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PostPosted: Sun May 06, 2012 5:04 pm 
Gold Trader / rb Rider / Special
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Joined: Mon Aug 31, 2009 12:26 am
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Location: Rurally close.
Ah thats a good point, centifugal/radial forces increase so more power needed to turn and what not.


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PostPosted: Tue May 08, 2012 8:42 am 
Old School Grand Master
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Joined: Sun Sep 05, 2010 1:10 am
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Location: Heathfield, East Sussex
I've never ridden one but I think they 'look' great; that Surly is a really nice bike, and I love the Kona 8)

Being, as I am, something of a geriatric I started my riding on 26" wheels when they were considered 'small' and graduated to 'grown-up' 27 x 1 1/4 as soon as I was big enough. My road bike has 700C wheels and I've a 5-speed SA hubbed 'Fixie' style McCleans in the pipeline with 27's and I'm always surprised to be reminded how much quicker rolling they seem to be than my 26" MTB's...

...therefore I see no reason why I wouldn't like a 29'er :wink:


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 Post subject: 29er
PostPosted: Wed May 09, 2012 7:51 pm 
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Joined: Mon Jul 25, 2011 8:31 pm
Posts: 474
I have only dabbled in one and once moving felt like a Panzer tank (this in a local park!).

If you are into motorcycles then the 29er is like a gs 1150, the 26 more like a Triumph. Street triple.

I suspect that for my commute along a canal path, some of it very muddy and uneven its ideal. I dare not try on though!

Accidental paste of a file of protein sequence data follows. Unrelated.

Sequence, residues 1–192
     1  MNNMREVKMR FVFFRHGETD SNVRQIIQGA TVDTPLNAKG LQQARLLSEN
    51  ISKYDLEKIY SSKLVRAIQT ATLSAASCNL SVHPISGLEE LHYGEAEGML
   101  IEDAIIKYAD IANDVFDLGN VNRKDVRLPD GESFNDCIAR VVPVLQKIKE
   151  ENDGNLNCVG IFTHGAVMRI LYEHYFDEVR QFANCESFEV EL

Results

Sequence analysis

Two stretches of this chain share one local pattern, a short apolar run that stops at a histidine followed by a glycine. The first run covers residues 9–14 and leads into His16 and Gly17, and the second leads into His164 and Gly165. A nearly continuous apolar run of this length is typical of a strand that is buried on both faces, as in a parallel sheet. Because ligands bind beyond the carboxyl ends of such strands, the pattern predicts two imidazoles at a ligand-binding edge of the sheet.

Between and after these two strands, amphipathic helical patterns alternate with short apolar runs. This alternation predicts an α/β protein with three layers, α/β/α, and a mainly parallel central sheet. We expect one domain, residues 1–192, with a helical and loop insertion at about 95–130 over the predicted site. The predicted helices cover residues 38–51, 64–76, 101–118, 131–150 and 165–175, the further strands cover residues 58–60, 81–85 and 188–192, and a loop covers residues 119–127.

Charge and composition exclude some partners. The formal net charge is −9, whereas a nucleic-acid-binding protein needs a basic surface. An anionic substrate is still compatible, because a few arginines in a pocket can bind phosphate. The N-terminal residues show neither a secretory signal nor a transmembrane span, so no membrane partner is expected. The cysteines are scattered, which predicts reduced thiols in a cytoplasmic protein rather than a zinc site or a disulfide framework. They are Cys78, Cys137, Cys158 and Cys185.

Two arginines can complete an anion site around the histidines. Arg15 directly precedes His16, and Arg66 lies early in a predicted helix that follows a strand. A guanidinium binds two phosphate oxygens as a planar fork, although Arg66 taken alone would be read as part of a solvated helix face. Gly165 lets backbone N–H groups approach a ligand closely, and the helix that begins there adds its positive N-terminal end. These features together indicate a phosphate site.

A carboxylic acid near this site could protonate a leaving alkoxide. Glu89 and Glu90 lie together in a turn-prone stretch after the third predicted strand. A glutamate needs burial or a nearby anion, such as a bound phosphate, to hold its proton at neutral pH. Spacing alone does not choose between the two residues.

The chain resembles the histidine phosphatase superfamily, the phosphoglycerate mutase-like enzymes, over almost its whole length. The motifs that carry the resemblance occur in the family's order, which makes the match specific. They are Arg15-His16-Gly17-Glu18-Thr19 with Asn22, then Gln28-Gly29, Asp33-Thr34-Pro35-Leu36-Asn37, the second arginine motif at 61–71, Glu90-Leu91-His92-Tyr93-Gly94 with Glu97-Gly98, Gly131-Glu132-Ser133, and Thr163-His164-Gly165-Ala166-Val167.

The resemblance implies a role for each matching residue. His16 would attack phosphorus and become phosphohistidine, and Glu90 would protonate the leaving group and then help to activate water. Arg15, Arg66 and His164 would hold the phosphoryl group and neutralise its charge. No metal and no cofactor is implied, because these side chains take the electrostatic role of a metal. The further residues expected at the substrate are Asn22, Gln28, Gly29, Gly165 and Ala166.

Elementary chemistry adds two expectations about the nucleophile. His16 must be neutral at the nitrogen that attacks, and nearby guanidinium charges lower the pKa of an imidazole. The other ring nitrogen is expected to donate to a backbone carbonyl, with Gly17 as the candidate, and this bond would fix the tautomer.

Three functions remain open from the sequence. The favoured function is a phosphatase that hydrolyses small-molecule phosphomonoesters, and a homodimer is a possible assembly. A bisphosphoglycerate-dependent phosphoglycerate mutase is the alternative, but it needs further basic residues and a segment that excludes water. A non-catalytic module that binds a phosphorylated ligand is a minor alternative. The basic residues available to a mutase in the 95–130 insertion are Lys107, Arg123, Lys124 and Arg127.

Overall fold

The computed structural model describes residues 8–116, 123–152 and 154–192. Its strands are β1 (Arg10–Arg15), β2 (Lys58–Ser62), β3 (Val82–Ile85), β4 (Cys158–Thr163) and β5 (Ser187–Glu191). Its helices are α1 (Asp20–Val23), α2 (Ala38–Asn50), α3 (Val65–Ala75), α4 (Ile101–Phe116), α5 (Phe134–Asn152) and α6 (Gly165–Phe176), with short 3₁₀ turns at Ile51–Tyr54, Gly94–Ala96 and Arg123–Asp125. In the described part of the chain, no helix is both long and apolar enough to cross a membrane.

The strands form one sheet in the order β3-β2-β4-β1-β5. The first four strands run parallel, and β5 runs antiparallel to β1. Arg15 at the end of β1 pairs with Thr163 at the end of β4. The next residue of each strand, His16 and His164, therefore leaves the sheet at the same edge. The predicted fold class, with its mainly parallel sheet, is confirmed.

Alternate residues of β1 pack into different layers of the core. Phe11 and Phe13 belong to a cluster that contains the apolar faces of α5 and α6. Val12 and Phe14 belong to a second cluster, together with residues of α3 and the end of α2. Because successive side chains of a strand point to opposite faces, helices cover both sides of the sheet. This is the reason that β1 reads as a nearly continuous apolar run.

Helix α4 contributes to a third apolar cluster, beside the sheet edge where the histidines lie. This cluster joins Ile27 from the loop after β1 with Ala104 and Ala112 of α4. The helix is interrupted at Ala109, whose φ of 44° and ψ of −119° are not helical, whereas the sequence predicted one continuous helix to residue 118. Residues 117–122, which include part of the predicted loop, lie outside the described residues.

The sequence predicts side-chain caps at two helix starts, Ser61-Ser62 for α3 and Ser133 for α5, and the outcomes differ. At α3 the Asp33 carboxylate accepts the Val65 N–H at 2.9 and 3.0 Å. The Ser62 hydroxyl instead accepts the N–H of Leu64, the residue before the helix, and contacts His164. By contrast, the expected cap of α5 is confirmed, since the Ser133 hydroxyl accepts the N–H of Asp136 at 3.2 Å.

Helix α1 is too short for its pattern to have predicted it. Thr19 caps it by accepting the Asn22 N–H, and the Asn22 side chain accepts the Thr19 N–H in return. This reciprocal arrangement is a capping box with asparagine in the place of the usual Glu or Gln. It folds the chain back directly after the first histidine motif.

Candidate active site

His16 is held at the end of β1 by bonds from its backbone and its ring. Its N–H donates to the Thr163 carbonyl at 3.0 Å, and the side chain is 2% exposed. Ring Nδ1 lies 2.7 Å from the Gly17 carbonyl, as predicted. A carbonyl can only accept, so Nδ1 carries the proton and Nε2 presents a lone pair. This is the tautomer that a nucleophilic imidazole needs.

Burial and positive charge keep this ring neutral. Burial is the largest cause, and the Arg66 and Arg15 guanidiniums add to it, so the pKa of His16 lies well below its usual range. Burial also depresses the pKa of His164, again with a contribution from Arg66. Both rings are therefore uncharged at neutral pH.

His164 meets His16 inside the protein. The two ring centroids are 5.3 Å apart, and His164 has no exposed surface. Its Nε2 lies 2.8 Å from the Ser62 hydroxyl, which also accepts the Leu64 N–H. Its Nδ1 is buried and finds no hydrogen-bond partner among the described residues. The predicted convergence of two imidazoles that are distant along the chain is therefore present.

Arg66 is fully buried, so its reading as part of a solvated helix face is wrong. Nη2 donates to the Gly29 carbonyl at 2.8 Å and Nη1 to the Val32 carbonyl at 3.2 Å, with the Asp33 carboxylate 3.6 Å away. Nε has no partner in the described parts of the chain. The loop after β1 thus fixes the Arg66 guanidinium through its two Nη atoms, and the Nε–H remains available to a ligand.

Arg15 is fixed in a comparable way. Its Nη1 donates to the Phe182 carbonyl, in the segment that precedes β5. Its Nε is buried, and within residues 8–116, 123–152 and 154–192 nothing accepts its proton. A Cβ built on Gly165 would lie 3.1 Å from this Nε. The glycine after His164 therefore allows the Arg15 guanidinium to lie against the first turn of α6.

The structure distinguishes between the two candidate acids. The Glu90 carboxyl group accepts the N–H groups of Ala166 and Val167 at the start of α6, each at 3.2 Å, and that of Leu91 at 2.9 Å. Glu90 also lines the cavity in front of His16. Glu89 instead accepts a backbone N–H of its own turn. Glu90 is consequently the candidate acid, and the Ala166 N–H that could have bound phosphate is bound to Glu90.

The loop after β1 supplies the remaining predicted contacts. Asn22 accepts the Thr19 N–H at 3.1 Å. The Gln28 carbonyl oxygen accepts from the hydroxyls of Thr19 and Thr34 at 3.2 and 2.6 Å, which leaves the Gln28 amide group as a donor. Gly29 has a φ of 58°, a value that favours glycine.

I am looking forward to what Geneasw do with them especially in steel frame.


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PostPosted: Wed May 09, 2012 7:53 pm 
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Joined: Sat Nov 21, 2009 3:53 pm
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I have a trek 29er and was amazed to be honest just how easy it was to ride almost like an extra smile per mile boost. I intend to keep a 29er in the fleet.


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 Post subject:
PostPosted: Thu May 10, 2012 1:43 pm 
Old School Grand Master
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Joined: Mon Jun 25, 2007 8:37 am
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Location: Whiskey bent & hellbound!
13 wrote:
Over the years I've had 2 gt peace 29er's, a cannondale 29er and recently a 2012 gt karakoram 29er.
So it's fair to say I've given them a fair go.
I can see a use for 29er's on non technical enduro style tracks, riding around a paddock or commuting as they do roll in a straight line nicely.

When riding on single track with medium technicality the bigger wheels seem to slow them down, giving the bike a slugish feel.
On sharp slow up hill turns the longer wheel base becomes an issue, giving the bike a slow wide arc that you really have to learn how to fight.
Again on slow up hill turns the whack head angle (29er's have a steeper head angle to stop the wheel base getting even longer) gives the bike a feeling of wanting to fall over when the momentum slows down.
After spending a good amount of time and patience on both I'm now more than ever in the 26 inch camp.
29ers have to make so many sacrafices with geometry to accomodate the larger wheels that the negetives out weigh the positives.
29er's are here to stay but will only ever make it as an enduro bike.
XC, DH, DJ, 4X and trail riders won't ever fully embrace them due to handling and strength issues.
26 inches is my wepon of choice.


That's a good, well rounded comment based on riding quite a few 29ers...it does make me feel better about staying in the 26 camp!

I commuted on a 29er for about 2 years (canal towpath) so never really got a full idea of what they are like offroad but I just think the power required to turn the bigger wheels made me feel quite tired at the end of each ride. Could juet be me but it's funny how I'm now back on a 26 bike singlespeeded and fully loaded up with rear panniers and it's far less tiring to ride!


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 Post subject: